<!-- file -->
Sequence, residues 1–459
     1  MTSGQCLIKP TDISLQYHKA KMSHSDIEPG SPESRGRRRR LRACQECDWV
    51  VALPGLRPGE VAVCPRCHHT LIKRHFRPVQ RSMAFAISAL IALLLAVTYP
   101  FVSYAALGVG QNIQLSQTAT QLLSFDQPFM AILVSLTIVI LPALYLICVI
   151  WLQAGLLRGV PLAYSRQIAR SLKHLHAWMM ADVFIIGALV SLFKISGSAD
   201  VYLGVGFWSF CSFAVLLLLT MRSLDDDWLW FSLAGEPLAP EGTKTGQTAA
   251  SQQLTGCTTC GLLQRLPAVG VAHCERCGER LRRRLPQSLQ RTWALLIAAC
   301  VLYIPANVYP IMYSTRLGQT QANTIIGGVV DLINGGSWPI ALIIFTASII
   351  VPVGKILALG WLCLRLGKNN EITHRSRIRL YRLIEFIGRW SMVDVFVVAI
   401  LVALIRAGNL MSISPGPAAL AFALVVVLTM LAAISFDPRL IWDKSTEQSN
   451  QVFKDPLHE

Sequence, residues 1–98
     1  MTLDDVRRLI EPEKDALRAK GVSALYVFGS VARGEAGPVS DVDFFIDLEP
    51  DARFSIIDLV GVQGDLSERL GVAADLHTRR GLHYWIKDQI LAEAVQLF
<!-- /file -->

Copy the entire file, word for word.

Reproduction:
Sequence, residues 1–459
     1  MTSGQCLIKP TDISLQYHKA KMSHSDIEPG SPESRGRRRR LRACQECDWV
    51  VALPGLRPGE VAVCPRCHHT LIKRHFRPVQ RSMAFAISAL IALLLAVTYP
   101  FVSYAALGVG QNIQLSQTAT QLLSFDQPFM AILVSLTIVI LPALYLICVI
   151  WLQAGLLRGV PLAYSRQIAR SLKHLHAWMM ADVFIIGALV SLFKISGSAD
   201  VYLGVGFWSF CSFAVLLLLT MRSLDDDWLW FSLAGEPLAP EGTKTGQTAA
   251  SQQLTGCTTC GLLQRLPAVG VAHCERCGER LRRRLPQSLQ RTWALLIAAC
   301  VLYIPANVYP IMYSTRLGQT QANTIIGGVV DLINGGSWPI ALIIFTASII
   351  VPVGKILALG WLCLRLGKNN EITHRSRIRL YRLIEFIGRW SMVDVFVVAI
   401  LVALIRAGNL MSISPGPAAL AFALVVVLTM LAAISFDPRL IWDKSTEQSN
   451  QVFKDPLHE

Sequence, residues 1–98
     1  MTLDDVRRLI EPEKDALRAK GVSALYVFGS VARGEAGPVS DVDFFIDLEP
    51  DARFSIIDLV GVQGDLSERL GVAADLHTRR GLHYWIKDQI LAEAVQLF